Then I stopped laughing and elbowing. And then I started quietly cursing at the screen, which is what I do whenever I experience a good creep. There is a five minute stretch of this movie that was so difficult for me to watch that I briefly considered leaving the theater altogether. No kidding. If you're wondering what stretch I'm referring to, here's a hint: It begins with a late-night knock at the front door. You're right, the last act of Insidious goes to hell--in more ways than one--but the first two-thirds of the movie got under my skin, where it continues to reside to this day.

Getting under my skin is no small achievement. Of the 80 movies I saw in 2011, only about 10 managed to really get under my skin: Bridesmaids, Rango, Insidious, X-Men: First Class, Source Code, Hanna, Rise of the Planet of the Apes, Drive, Moneyball, Real Steel, J. Edgar. OK, so that's 11 movies. Of those 11, four would probably qualify as drop-everything-and-go-see-it events: Bridesmaids, Rango, Drive, Hanna. And of those four, the only movie that I would whole-heartedly recommend, the only movie that doesn't require any caveats or disclaimers from me, is Bridesmaids. Boy, did I ever enjoy that.

Did I nod off a few times? Sure I did. Hey, you try and sit through Cowboys & Aliens, or Mars Needs Moms. But what surprises me the most when I look back over this list is how little I experienced in the way of real feeling when I saw these damn things. There isn't much in the way of bona fide escapism here. Nothing really moved me much, or captivated me. Hell, most of these movies barely held my attention. Most of these movies left me feeling empty and numb. They went into my eyes, and my ears, but they sure didn't stay for long. Now that I think about it, maybe people are building those jacket caves and buzzing through bags of pistachios for a reason.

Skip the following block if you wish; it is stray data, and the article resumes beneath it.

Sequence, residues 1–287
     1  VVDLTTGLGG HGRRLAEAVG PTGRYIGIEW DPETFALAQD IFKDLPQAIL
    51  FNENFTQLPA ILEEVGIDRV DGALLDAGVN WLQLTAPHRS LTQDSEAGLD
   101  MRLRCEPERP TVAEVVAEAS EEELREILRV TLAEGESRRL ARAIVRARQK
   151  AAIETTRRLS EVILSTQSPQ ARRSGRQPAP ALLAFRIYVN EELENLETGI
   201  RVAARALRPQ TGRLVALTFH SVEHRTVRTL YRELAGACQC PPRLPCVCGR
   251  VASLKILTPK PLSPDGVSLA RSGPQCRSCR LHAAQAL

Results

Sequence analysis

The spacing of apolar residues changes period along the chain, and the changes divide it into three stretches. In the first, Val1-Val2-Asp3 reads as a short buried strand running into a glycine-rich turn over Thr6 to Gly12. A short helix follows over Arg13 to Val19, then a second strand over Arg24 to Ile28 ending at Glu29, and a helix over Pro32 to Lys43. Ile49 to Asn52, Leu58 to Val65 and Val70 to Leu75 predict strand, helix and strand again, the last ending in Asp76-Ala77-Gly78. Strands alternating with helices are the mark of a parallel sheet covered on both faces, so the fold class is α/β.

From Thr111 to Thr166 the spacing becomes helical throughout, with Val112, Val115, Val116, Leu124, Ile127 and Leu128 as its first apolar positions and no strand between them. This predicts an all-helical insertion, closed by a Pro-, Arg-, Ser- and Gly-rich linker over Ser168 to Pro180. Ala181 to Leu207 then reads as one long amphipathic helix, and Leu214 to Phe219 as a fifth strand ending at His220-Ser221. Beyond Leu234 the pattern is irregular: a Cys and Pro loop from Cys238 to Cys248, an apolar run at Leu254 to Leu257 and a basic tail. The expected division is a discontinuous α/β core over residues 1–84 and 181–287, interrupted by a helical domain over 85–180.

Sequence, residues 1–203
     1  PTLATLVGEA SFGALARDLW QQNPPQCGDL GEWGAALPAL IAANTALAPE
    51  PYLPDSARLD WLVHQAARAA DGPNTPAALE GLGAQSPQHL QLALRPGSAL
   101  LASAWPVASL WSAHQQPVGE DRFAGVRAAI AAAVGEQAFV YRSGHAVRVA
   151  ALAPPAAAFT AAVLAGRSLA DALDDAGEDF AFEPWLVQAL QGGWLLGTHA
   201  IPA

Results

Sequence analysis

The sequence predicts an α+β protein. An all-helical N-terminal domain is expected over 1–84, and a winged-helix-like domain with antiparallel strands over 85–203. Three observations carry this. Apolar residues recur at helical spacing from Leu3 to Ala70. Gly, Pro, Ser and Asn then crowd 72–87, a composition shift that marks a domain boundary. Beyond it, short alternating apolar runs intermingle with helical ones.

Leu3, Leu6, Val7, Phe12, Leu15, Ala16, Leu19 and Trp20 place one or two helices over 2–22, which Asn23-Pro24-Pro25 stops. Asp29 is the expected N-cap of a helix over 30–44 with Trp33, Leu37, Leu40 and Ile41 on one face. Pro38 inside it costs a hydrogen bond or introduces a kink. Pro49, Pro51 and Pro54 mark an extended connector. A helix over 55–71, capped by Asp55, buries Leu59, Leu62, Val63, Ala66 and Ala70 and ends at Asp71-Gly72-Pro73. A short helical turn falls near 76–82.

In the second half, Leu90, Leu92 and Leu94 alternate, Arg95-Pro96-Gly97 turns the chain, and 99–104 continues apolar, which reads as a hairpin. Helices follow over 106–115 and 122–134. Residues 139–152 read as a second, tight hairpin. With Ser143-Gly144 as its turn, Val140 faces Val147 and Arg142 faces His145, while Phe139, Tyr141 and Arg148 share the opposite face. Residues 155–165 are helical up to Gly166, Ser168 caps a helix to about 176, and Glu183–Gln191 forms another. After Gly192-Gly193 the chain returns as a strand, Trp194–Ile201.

I've got a few more movies to see before I can wind down for the year: Mission: Impossible--Ghost Protocol, the new Sherlock Holmes, Tinker, Tailor, Soldier, Spy, The Adventures of Tintin, David Fincher's The Girl With the Dragon Tattoo. So my work isn't quite finished, not yet anyway. Sure, I'll do it all again in 2012. I'll spend another five or six of the ensuing 365 days sitting in the dark. Here's hoping I feel more--much more--in the coming year.

17 November 2011

Zelda: Still Crazy After All These Years

Over the past week I have hurled myself at the The Legend of Zelda: Skyward Sword the same way that the 747 hurled itself into the island on Lost or Chris Farley hurled his stomach at coffee tables. I have spent more time "living" in the game's fictional world lately than I have in the real world.

My sincerest apologies to friends, family, girlfriend, and cats.

How intense was my Skyward Sword obsession? While walking by a brick wall in the stairwell of my building on Beatty Street a few days ago, I noticed a suspicious-looking crack and, no kidding, thought, I'd better get a bomb on that.

I can already hear the doo-deet-doo-doo-dee song.
Skyward Sword is one of those rare, borderline-unhealthy, personal-responsibilities-shirking experiences that a person has maybe only four or five times in his or her lifetime. (You can read my A.V. Club review here. And the Reviews on the Run review aired last Monday on G4 and City TV. Check your local listings, Canada.)

At the start of the game I was 100-percent certain that I'd outgrown the Zelda series. 2003's Wind Waker bored me to tears and was a struggle to finish. I made two runs at 2006's Twilight Princess, and wound up abandoning the game both times at the same juncture. (That juncture: when you meet the man/lady person dressed in the robes/housecoat who lives in the hut with the kids at the base of the Goron-inhabited mountain.) And the DS games, Phantom Hourglass and Spirit Tracks? They didn't jazz me much.